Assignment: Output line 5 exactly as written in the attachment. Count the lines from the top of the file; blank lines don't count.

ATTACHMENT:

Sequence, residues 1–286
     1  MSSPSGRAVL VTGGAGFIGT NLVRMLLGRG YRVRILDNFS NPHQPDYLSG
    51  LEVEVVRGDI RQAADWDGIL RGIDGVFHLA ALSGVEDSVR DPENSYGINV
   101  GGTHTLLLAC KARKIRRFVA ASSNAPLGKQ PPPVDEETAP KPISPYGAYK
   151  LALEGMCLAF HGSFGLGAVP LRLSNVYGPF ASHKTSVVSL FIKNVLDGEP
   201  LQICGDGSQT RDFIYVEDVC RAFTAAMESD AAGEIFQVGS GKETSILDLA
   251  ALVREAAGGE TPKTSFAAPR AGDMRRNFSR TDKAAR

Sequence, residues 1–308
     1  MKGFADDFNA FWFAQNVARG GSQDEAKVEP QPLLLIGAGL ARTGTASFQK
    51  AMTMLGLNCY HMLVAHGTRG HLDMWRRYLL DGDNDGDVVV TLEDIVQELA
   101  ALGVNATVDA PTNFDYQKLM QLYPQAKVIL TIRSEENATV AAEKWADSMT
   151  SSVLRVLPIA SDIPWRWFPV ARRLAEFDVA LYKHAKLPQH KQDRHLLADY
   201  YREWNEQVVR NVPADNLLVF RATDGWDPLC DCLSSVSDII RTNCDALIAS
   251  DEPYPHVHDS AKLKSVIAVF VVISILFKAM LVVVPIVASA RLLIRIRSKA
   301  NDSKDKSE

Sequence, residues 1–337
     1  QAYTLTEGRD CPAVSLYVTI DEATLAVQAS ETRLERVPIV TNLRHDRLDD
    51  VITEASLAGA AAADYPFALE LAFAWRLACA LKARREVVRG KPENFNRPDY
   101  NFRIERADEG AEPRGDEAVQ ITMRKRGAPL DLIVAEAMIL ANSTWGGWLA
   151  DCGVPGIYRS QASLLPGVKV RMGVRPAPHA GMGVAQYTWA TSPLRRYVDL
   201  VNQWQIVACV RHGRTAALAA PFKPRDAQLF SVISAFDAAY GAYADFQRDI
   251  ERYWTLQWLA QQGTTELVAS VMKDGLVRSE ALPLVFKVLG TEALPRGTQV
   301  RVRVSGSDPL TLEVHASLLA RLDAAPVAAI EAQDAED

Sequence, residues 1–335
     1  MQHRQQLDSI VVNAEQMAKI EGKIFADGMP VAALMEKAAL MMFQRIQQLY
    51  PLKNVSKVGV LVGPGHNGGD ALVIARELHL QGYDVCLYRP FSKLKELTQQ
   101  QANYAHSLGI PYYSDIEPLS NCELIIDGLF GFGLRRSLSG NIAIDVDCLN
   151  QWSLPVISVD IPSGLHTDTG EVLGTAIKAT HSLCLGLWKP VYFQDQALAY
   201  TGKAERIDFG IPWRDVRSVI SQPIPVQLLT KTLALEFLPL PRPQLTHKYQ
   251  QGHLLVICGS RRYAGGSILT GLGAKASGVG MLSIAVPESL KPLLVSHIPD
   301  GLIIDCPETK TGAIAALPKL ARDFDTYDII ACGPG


   151  LALEGMCLAF HGSFGLGAVP LRLSNVYGPF ASHKTSVVSL FIKNVLDGEP